Late last year, I wrote about the sticky testing issue knot. After a series of weird events on the State Board of Education and the early prospect of a strange alliance between Republicans and teachers unions during the ill-fated effort to reauthorize ESEA, we may be looking at more of a sticky testing issue black hole. Now, though, things are beginning to reach maximum weirdness, with the same strange alliances seen in Congress being observed in Colorado.
So yeah, stuff’s complicated. It’s getting tough to make sense of it all. That’s why I was glad to see my Independence Institute friend Ross Izard’s new article, “Strange Bedfellows: Teachers Unions, Conservatives, and Tenure Reform.” I’m pretty sure I’m too young to know what a “bedfellow” is, but I think I see what Ross is trying to convey.
The article takes a long, hard look at the differing motivations behind the oddly aligned conservative and union pushes against testing and for opt-outs. We’ll just do a brief overview of the highlights here in order to avoid unnecessary brain damage, but the article is stuffed with links and references for those whose nerdy proclivities drive them to dig a little deeper into the debate.
I’m a little tired today, so I’ll just let Ross do most of the talking. Here we go:
While the testing controversy has brought about a strange convergence of two traditional enemies—conservatives and teachers unions—the two groups differ significantly when it comes to why they believe testing is a problem. Conservative testing angst has its roots in concerns over data privacy, federal involvement in education, and parental rights—all valid concerns that we need to work through moving forward. The unions, on the other hand, have a singular goal: The preservation of their interests in the face of what they view as an existential threat.
… Although SB 191’s full implementation has been delayed, it is now entering the final phase of its rollout. The threat of SB 191 to union interests is underscored by the more recent Vergara ruling, which emanated from a state long known as a bastion of teachers union control. Unions today correctly perceive that they are facing the most serious threat they’ve ever seen to their outsized dominion in the education space. Tenure may well be their Waterloo.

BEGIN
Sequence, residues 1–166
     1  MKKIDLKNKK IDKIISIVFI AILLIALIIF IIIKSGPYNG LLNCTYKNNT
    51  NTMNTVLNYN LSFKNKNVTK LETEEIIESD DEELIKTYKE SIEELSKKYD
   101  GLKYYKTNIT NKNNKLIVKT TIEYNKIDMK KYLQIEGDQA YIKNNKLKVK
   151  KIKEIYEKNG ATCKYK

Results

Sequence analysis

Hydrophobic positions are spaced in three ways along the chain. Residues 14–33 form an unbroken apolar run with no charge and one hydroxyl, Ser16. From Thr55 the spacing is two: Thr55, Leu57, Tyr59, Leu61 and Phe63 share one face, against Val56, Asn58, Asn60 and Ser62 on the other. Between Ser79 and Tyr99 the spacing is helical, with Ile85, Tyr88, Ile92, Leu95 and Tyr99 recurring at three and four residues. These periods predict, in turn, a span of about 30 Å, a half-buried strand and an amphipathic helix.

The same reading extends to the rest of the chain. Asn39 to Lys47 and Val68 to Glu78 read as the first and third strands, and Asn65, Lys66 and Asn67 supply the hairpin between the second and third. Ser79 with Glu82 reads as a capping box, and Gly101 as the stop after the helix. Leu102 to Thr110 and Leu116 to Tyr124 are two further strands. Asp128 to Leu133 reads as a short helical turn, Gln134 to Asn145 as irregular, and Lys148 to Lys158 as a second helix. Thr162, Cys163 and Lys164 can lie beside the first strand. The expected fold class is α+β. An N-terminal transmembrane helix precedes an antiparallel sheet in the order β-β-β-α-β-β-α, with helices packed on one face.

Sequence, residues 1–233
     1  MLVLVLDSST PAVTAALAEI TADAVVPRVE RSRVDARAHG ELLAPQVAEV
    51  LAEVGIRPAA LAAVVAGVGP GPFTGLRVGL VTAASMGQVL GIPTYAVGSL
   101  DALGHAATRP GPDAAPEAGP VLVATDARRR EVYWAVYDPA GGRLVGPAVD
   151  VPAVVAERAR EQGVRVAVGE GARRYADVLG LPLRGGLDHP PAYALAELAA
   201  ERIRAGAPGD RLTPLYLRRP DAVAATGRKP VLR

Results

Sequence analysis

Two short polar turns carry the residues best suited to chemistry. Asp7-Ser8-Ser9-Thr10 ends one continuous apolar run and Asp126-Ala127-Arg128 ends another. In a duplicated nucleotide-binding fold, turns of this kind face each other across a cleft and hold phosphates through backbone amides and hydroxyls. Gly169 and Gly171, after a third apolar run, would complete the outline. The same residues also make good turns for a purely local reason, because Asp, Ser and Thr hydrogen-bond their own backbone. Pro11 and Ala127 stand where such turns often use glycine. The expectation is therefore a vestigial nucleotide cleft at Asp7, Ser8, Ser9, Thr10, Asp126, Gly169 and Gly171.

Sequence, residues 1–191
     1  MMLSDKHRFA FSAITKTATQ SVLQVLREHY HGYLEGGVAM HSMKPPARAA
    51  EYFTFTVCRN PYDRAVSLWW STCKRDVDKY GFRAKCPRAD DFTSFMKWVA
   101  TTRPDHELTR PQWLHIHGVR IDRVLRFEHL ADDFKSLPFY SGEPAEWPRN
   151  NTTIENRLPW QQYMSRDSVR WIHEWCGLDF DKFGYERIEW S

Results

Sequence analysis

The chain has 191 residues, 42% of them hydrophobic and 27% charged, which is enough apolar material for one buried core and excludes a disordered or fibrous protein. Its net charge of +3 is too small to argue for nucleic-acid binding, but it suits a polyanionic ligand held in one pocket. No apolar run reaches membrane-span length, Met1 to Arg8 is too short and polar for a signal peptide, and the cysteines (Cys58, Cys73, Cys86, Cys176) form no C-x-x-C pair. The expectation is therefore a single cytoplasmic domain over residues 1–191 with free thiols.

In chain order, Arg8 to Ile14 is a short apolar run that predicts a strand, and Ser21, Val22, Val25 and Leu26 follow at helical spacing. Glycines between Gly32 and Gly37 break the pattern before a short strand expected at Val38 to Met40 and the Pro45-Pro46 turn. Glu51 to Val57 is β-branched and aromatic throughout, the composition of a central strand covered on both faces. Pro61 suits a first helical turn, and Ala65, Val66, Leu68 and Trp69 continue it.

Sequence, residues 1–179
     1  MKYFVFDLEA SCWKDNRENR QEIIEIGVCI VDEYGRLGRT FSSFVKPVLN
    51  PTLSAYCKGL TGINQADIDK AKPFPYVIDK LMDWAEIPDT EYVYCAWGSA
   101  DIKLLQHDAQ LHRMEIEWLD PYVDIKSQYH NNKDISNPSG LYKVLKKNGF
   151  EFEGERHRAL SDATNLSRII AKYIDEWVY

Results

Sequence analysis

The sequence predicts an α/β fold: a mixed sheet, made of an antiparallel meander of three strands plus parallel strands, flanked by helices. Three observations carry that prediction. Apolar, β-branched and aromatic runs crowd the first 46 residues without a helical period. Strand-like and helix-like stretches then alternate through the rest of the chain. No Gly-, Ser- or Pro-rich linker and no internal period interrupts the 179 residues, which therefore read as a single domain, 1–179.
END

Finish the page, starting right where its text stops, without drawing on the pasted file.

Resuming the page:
The article then outlines how and why teachers unions are seeking to undermine tenure reform by attacking the tests and data underlying teacher evaluations.
The unions’ fight against tenure reform is complicated by the fact that tenure as it currently exists is not a popular concept. A nationally representative Education Next poll found that only 32 percent of the public supported teacher tenure. Adding a brief statement about the arguments for and against teacher tenure saw that figure sink to 26 percent.
… Rather than support a deeply unpopular position directly, the unions have opted instead to do everything they can to undermine any meaningful evaluation system upon which tenure decisions could be made. They would like nothing more than to see education systems safely settle on subjective evaluation systems in which nearly 100 percent of teachers are rated as meeting or exceeding state standards for effectiveness—a phenomenon known as rating inflation that has plagued teacher evaluations for years and is evident even in Colorado’s new evaluation pilot program, which does not yet include student learning data.
Before wrapping up, the article takes a research-based walk through the minefield surrounding the use of student growth data in teacher evaluations. Ross’ conclusion? That the best evaluation systems will make use of multiple measures of student learning in addition to subjective measures—a bill (pun intended) SB 191 fits nicely.
I should also note that the article supports codifying parental opt-out rights, but warns against creating dangerous incentives for system gaming and getting too cozy with groups who are openly involved with unions and/or anti-reform positions. (For instance, see today’s totally bizarre Chalkbeat story about United Opt Out’s refusal to support a new bill codifying opt-out rights in the interest of furthering its fight against “the privatization of public education.”)
As the plot thickens in Colorado’s testing debate, Ross makes it clear that he thinks it’s important for us to press ahead thoughtfully instead of returning to the status quo. But we also need to be careful about who we’re dealing with—and aware of why they might be in the game. We don’t, as my dad always says, want to hand over the “whole enchilada” when it comes to tenure reform.